I am someone who arguably dabbles in self-criticism more often than I should. I’m not entirely sure why it is I’m so hard on myself, but I have been my entire life. I think it stems from my perfectionist tendencies, if I had to take a guess, but I’m sure there are other contributing factors, too. I’d just rather not delve too deeply into the matter because we don’t really need a full-on therapeutic catharsis happening here on the internet.
I’m willing to bet that the majority of us are too hard on ourselves, and self-criticism can happen in just about any facet of life. Whether it’s in regards to work, family, friends, intimacy or social life, most of us have a tendency to place more emphasis and attention on everything we are doing wrong, or poorly, as opposed to what we are excelling at.
Without trying to get too analytical, I do believe social media has played a tremendous role in our lives in the context of promoting self-hatred and criticism. The older I get, the more I realize how draining and toxic social media platforms can be; they promote feelings of inadequacy, isolation, comparison and longing, and because younger generations are growing up with them and spending far too much time using them, it makes sense we, collectively as a society, have a solid amount of inferiority and self-acceptance/happiness issues.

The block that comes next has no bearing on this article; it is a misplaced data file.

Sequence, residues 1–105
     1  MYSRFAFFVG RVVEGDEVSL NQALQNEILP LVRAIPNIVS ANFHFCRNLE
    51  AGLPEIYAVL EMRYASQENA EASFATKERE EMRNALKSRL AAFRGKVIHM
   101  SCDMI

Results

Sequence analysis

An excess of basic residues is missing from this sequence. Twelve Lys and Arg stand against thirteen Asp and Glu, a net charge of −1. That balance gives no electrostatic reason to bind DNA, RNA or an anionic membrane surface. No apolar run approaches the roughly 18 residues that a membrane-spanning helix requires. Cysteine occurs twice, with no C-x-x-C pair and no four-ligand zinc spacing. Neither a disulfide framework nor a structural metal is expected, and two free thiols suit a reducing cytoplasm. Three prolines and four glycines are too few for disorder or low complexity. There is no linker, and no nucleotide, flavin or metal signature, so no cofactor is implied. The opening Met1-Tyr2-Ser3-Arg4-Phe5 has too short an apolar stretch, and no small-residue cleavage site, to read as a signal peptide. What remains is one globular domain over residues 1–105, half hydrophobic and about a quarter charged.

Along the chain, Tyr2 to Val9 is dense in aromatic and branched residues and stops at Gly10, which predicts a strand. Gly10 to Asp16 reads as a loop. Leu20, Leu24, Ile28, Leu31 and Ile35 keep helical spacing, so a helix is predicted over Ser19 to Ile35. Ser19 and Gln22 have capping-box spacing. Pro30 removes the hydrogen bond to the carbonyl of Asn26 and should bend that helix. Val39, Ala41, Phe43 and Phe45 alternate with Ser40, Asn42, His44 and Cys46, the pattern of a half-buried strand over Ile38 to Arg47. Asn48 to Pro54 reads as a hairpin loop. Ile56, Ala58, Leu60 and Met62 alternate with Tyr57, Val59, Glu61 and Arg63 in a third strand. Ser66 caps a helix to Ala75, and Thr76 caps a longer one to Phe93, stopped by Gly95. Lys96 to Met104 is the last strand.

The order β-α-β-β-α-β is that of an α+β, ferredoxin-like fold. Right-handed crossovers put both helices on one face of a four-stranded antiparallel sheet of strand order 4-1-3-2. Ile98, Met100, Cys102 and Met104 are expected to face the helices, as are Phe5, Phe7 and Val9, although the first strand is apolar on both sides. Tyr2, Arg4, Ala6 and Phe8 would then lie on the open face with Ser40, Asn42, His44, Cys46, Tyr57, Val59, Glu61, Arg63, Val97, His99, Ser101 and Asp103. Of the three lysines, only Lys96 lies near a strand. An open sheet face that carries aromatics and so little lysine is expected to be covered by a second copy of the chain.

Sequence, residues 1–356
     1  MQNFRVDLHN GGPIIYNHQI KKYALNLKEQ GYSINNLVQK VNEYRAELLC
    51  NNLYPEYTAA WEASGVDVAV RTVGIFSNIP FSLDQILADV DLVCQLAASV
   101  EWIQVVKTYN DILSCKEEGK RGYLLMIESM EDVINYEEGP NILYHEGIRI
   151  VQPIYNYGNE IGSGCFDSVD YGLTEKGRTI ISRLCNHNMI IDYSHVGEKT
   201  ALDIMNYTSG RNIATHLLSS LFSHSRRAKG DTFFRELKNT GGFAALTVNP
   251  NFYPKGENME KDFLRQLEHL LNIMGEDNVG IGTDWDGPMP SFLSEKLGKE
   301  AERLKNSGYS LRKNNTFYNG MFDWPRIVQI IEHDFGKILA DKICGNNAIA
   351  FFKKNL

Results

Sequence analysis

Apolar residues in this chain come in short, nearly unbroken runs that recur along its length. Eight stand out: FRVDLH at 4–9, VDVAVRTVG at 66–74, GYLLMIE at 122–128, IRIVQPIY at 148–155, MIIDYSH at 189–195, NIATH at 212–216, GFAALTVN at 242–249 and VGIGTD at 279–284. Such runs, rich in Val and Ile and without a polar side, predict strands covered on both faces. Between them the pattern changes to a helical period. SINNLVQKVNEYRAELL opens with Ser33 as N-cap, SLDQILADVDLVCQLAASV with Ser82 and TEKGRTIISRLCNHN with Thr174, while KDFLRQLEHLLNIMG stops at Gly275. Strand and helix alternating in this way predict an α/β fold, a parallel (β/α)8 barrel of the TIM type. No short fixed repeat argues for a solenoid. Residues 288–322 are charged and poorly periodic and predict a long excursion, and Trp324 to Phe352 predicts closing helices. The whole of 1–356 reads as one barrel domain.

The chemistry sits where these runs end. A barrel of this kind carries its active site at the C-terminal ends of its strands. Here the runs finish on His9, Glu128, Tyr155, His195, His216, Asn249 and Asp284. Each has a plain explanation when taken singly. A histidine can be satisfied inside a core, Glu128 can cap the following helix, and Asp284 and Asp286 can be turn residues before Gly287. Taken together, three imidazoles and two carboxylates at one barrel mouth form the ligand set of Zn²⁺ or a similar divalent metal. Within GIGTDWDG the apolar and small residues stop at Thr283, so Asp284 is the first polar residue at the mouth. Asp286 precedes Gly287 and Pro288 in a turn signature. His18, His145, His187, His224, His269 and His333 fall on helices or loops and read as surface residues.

I tend to be hardest on myself when I fail at something, or when I feel as though I’m not being productive enough. This often occurs when I’m having a Lyme flare-up – my body is struggling to keep up with daily tasks and activities, and because of this, my mind begins to work against my body because I begin feeling guilty for not getting as much done as I normally do.
Lyme flare-up or not, this happens to the best of us when we’re having a shitty day.
If we are feeling rough, there is a strong chance there is a reason for it. Rather than getting angry and establishing unrealistic standards for ourselves, maybe we should consider taking a moment to comprehend why it is we are feeling crappy and figure out how to feel better as opposed to beating ourselves up about it.